It’s also sensible to build up a decent-sized ‘rainy day’ fund in an easy access cash account you can get at quickly in case of emergency. Aiming to have around three months’ fixed expenses in this emergency account is a good place to start, and make sure you shop around for the best interest rate you can find.


While how much you pay into your pension (and how early you start) is arguably the key factor in determining your eventual retirement outcome, investments can provide a significant boost too – particularly over the longer term.

If you’re in your 20s or 30s, your investment time horizon is likely to be 30 to 50 years, which is long-term in anyone’s book.

Your auto-enrolment pension will be picked for you by your employer. If you take no action you will be placed into the ‘default’ investment fund, which benefits from a cap on charges currently set at 0.75%. This fund will not be designed based on your attitude to risk, however, but rather targeted at the broad scheme membership.

Furthermore, different default funds have vastly different investment strategies and as such will deliver different investment outcomes for their members.

At the very least you should have a look at the default fund into which you are being put and make sure you are happy with the investments you own and the level of risk you are taking.

While attitude to risk differs from person to person, generally younger investors can tolerate greater fluctuations in the value of their pot over the short-term as they don’t need to access the money for decades.

Historically, those who have been willing to accept volatility over the short-term have generally been rewarded via returns over the long-term.


If you save over and above auto-enrolment in a pension such as a SIPP (self-invested personal pension), you’ll enjoy a whole world of choice for your investments.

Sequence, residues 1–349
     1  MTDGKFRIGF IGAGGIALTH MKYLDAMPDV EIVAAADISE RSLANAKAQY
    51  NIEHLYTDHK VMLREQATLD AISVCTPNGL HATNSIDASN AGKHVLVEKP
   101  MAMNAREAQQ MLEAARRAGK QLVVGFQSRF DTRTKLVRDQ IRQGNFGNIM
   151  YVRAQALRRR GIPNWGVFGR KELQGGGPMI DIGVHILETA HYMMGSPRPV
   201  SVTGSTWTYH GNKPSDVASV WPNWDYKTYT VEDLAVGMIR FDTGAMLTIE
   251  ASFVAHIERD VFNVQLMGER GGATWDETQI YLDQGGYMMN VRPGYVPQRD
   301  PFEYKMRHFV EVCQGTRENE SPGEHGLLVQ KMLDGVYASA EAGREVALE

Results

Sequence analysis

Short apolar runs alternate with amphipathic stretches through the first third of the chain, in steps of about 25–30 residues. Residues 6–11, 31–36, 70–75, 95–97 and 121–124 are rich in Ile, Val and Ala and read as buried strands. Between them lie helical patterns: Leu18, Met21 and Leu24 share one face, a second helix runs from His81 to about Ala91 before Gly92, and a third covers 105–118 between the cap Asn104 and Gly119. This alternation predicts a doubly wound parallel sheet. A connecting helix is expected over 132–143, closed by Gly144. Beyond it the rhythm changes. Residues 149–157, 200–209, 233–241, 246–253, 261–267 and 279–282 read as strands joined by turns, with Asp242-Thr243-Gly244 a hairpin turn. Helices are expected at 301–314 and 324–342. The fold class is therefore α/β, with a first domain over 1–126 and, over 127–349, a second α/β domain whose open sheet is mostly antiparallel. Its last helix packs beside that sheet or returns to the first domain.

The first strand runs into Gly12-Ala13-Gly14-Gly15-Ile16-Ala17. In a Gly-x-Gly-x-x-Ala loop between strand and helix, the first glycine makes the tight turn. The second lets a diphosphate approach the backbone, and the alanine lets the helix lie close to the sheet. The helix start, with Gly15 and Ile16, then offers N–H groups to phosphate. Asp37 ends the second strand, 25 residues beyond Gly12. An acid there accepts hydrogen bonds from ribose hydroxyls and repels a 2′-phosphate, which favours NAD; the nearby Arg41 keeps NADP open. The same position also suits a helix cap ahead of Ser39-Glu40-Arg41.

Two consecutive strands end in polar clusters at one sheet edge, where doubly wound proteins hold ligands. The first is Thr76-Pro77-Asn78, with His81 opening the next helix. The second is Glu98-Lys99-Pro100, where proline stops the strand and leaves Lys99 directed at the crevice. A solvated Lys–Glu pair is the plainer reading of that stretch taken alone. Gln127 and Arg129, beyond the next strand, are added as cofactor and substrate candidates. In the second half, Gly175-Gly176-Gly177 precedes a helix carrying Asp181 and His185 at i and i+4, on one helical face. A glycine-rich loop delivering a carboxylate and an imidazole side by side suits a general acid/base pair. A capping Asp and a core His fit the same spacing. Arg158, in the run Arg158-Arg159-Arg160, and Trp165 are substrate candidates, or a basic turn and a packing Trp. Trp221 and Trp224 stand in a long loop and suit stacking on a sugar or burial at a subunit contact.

If you aren’t confident in choosing individuaL stocks or bonds, you may want to look at funds or investment trusts where a fund manager will select everything that goes into their portfolio.

An alternative is to use a tracker fund or exchange-traded fund which mirrors the performance of a specific basket of stocks, bonds or other asset classes, or a mixture of them.

Lots of ISA and SIPP providers also offer ready-made portfolios based on attitude to risk, ranging from cautious to adventurous. You can usually choose between ‘active’ funds – which are run by a manager trying to beat the market – or ‘passive’ funds which simply track an index.

Saving for your children

For lots of savers in their 20s and 30s the focus isn’t just on their own savings but building a pot of money tax efficiently for their children as well. If this is a priority there are two ‘junior’ versions of traditional savings products you could consider.

You can save up to £2,880 a year on your child’s behalf in a Junior SIPP and it will be topped up automatically via pension tax relief to £3,600. The mechanics of tax relief are the same as for an adult saver, just with a lower annual contribution limit.

In all other ways a Junior SIPP works in the same manner as a regular SIPP, with 25% of the pot available tax-free from age 55 (due to rise to age 57 in 2028) and the rest taxed in the same way as income.

The other main option is a Junior ISA where the annual allowance is £9,000. Once your child reaches age 18 their Junior ISA will convert into an adult ISA and they will be able to access the money tax-free.

A parent who started saving in a Junior ISA for a new-born child could build a tax-free pot of more than £240,000 by the time their child reaches 18, assuming they put the maximum in each year and it grows by 4% every year after charges.


If you’re picking your own investments, once you’ve established the appropriate level of risk it is crucial to keep your costs as low as possible. This is because even small differences in charges can compound over time to wipe thousands of pounds off the value of your pension.

In terms of cost, active funds tend to have higher charges than passive ones (although active managers say this charge is justified because they have the skill to deliver higher returns).

Once you’re happy with your attitude to risk and the investments you have chosen, there should be no need to do anything to your portfolio until you are around five to 10 years from retirement, apart from checking that nothing has changed to the investment case of each asset.

In fact, in most cases the last thing you want to do is trade too often as this will layer on extra costs with no guaranteed benefit.


Don’t miss next week’s pensions article, looking at what people in their 40s should do with saving for retirement.